SPRINT-MS Trial Achieves Primary Endpoints
On October 30, 2017, MediciNova, Inc. (NASDAQ:MNOV) announced positive top-line results from the SPRINT-MS Phase 2b clinical trial of MN-166 (ibudilast) in patients with progressive multiple sclerosis (MS). The trial achieved both primary endpoints:
1) Treatment with MN-166 resulted in a statistically significant 48% reduction in the rate of progression of whole brain atrophy
2) MN-166 was safe and well tolerated with an adverse event profile that was similar to placebo
Evaluation of additional secondary endpoints (including clinical outcomes) are ongoing, and the company will report those as soon as the analysis is completed by the NeuroNEXT network.
The SPRINT-MS trial was a Phase 2b clinical trial that evaluated MN-166 in patients with primary progressive multiple sclerosis (PPMS) and secondary progressive multiple sclerosis (SPMS). The trial enrolled a total of 255 patients randomized 1:1 between placebo (n=126) and MN-166 (n=129). Inclusion criteria included a diagnosis of either PPMS or SPMS (48% of placebo-treated and 47% of MN-166-treated had SPMS), an Expanded Disability Status Scale (EDSS, Kurtzke, 1983) score between 3.0 and 6.5 (includes patients with limitations in walking and those requiring assistance with walking), and disability progression during the previous two years (as measured by worsening of EDSS of at least 0.5 points, 20% worsening in 25-foot walk, OR 20% worsening in 9-hold peg test in either hand). Patients were permitted to be on interferon-beta and/or glatiramer acetate. Study subjects were treated for 96 weeks, during which time various metrics were analyzed, as shown below.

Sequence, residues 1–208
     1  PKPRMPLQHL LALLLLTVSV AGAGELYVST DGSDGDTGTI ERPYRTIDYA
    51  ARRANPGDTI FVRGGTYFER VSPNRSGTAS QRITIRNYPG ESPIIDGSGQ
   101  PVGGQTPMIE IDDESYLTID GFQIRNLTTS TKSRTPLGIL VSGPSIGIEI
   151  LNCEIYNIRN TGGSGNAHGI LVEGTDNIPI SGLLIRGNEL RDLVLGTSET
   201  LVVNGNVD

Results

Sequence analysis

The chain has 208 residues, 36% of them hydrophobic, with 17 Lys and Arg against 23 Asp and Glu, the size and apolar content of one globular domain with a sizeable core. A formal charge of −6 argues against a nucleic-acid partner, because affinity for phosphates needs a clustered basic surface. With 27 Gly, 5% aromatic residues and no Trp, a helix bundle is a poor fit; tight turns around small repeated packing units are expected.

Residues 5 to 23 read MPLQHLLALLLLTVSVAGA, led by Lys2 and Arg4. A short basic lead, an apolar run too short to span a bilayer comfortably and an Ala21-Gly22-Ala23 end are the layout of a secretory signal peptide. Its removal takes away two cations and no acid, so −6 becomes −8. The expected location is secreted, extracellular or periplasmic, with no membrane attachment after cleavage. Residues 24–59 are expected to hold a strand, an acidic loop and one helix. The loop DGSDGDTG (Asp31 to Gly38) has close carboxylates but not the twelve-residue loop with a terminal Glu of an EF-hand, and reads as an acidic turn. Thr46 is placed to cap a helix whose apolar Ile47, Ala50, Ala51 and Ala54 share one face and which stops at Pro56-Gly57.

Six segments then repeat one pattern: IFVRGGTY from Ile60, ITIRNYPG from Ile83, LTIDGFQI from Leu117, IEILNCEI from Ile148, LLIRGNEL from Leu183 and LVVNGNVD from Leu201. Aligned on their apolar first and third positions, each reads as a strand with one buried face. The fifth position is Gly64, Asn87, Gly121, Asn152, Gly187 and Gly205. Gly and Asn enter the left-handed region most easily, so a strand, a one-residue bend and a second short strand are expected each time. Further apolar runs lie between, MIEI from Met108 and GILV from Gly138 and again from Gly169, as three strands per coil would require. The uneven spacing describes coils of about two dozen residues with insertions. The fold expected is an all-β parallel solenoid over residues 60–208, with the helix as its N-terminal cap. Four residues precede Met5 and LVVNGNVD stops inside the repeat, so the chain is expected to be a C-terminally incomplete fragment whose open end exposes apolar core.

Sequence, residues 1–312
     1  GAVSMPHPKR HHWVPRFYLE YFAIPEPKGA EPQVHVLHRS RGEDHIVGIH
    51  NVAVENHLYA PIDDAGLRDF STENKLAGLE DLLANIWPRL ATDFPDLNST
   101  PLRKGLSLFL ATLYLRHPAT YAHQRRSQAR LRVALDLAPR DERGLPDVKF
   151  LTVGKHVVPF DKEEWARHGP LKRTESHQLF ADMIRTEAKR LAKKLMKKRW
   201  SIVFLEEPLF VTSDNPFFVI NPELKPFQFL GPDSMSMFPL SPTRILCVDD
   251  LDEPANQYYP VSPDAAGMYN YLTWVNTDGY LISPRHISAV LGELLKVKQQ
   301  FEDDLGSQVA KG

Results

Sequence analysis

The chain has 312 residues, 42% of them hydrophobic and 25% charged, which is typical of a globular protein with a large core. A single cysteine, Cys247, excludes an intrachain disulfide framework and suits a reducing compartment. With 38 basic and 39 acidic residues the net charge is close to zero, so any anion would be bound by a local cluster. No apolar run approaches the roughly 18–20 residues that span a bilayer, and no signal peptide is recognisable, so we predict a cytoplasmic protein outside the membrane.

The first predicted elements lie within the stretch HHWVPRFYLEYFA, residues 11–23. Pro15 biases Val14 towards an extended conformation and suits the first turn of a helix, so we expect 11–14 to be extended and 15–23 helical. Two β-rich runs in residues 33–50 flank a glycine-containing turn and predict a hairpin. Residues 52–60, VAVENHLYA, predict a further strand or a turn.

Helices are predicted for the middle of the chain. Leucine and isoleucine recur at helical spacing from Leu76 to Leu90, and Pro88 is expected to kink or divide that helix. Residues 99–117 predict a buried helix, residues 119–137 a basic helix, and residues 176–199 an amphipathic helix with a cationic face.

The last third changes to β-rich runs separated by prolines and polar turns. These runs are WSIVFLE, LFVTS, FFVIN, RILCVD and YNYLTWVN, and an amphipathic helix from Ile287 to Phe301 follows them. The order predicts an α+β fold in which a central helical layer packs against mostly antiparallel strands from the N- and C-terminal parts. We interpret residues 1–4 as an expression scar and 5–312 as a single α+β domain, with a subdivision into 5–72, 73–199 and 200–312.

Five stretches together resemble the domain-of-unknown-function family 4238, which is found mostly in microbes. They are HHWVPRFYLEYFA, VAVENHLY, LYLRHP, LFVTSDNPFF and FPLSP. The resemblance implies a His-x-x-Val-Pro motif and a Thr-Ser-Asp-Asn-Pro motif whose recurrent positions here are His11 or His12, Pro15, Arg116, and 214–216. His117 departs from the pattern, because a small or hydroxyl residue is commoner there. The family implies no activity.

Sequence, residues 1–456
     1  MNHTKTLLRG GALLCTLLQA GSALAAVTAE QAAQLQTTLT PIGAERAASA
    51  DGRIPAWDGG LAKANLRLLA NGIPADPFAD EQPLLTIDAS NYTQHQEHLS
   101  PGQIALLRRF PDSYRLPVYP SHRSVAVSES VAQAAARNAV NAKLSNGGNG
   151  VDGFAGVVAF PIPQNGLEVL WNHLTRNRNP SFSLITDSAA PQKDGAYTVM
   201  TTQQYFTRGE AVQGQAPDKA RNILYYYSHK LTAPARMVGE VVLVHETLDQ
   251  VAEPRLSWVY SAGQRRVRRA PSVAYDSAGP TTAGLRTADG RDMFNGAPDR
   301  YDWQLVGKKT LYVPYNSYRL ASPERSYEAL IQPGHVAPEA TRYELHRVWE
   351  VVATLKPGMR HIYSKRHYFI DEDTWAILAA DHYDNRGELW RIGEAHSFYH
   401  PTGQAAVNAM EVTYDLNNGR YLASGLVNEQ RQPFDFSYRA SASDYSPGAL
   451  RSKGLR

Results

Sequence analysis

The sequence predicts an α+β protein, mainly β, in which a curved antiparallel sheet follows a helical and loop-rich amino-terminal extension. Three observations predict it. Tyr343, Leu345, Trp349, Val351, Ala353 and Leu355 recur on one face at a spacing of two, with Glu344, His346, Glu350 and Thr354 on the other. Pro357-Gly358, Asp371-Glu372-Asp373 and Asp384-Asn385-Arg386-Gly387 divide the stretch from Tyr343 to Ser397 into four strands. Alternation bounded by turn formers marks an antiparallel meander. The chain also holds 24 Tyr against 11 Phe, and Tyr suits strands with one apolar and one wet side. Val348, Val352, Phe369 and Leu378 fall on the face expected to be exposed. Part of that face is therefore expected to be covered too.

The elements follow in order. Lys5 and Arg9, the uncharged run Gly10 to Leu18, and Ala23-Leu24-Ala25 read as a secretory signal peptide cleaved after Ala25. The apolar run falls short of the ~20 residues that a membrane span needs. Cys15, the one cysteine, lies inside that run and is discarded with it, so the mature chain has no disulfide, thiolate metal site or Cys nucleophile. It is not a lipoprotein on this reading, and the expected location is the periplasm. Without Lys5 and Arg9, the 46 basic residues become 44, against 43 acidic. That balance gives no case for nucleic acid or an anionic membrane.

The primary outcome of the study was the rate of change in brain atrophy over 96 weeks as measured by brain parenchymal fraction (BPF) using MRI. There is a very high degree of variability in skull/brain sizes that leads to a large spread in “normal” values. The BPF was developed to decrease the range of “normal” values and is calculated by dividing the brain parenchymal volume (BPV) by the total intracranial volume (ICV) (Rudick et al., 1999).
The brain consists primarily of three parts: white matter (myelinated axons and glial cells), gray matter (neuron cell bodies, dendrites, and unmyelinated axons), and cerebrospinal fluid (CSF). The BPV is the volume of the parenchymal part of the brain (e.g., white matter and gray matter) and does not include the CSF. How the BPF is calculated is best represented by the following MRI images: